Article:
Instagram Still Promotes Accounts Linked To Eating Disorders, Group Says

Meta's Instagram continues to promote and recommend material associated with eating disorders to young users, according to a new report by the advocacy group Fairplay.

“Algorithms are profiling children and teens to serve them images, memes and videos encouraging restrictive diets and extreme weight loss,” Fairplay (formerly Campaign for a Commercial-Free Childhood) writes in the report, “Designing for Disorder: Instagram’s Pro-eating Disorder Bubble.”

“In turn, Instagram is promoting and recommending children and teen’s eating disorder content to half a million people globally,” the group continues.

The report comes around six months after former Facebook executive Frances Haugen testified to Congress that the company's services harm minors -- especially teen girls struggling with eating disorders.

A Meta spokesperson said: “We’re not able to fully address this report because the authors declined to share it with us, but reports like this often misunderstand that completely removing content related to peoples' journeys with or recovery from eating disorders can exacerbate difficult moments and cut people off from community.”

The spokesperson added that Instagram recently began offering users the option of reporting accounts specifically because they relate to eating disorders.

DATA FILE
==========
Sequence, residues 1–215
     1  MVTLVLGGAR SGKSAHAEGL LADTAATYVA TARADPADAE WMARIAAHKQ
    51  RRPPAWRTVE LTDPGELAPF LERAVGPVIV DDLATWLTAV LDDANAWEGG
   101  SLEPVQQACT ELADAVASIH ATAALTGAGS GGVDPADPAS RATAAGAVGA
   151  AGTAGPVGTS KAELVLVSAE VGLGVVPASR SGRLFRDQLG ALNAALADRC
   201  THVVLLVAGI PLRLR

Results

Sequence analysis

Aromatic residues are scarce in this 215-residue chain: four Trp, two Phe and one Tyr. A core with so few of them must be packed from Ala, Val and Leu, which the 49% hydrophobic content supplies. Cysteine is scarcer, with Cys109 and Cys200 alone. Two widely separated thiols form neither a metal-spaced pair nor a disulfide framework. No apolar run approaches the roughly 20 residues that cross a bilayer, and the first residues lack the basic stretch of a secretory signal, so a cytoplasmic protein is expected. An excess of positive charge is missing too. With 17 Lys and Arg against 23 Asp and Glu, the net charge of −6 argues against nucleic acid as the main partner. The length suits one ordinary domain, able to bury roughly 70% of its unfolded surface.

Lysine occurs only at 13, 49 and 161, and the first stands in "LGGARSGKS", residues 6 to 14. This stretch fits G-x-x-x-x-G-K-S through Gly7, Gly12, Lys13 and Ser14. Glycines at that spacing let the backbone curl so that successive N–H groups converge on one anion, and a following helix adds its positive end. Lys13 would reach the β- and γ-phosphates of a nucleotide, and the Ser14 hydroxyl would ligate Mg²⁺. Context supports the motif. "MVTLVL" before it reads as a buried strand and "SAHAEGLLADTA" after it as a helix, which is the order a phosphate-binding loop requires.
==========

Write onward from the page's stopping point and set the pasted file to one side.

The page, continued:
Facebook isn't the only social media platform to host accounts associated with eating disorders. YouTube, TikTok, and Snapchat are among other companies that reportedly host content that appears linked to eating disorders.

A National Eating Disorders Association spokesperson told The New York Times last year that social media doesn't cause eating disorders, but can contribute to them.

Fairplay writes in the report that Meta draws on data about young people, including their demographics and browsing history, “to fine tune algorithms that are pushing young users into harmful bubbles.”

For the report, Fairplay researchers examined accounts that promote eating disorders and “extreme” weight loss.

The researchers concluded the service has around 90,000 users who are part of what it terms a “pro-eating disorder bubble,” and that they reach a collective 20 million Instagram users.

The estimated 90,000 users in the “bubble” include children as young as 9 or 10, with a median age of 18, according to Fairplay, which conducted the research in December and January.

“Meta’s decisions around hosting and recommending eating disorder content may deliver small but steady profits to shareholders, but it has significant real life consequences for children and young people,” Fairplay writes.

The organization estimates that Meta receives $2 million revenue a year from “bubble” of 90,000 users, and $227.9 million from accounts that follow those in the bubble.

The company's terms of service don't allow users under the age of 13 to create accounts, but observers believe many children 12 and younger bypass Instagram's efforts to prevent them from using the platform.

Fairplay says the new research supports the organization's call for legislation that would impose new regulations on websites aimed at young users.

Fairplay specifically says it supports bills including the Protecting the Information of our Vulnerable Children and Youth Act (which would prohibit websites and apps from serving behaviorally targeted ads to minors), and the Kids Internet Design and Safety Act (which would prohibit amplification of “harmful” material and ban “manipulative” marketing techniques).

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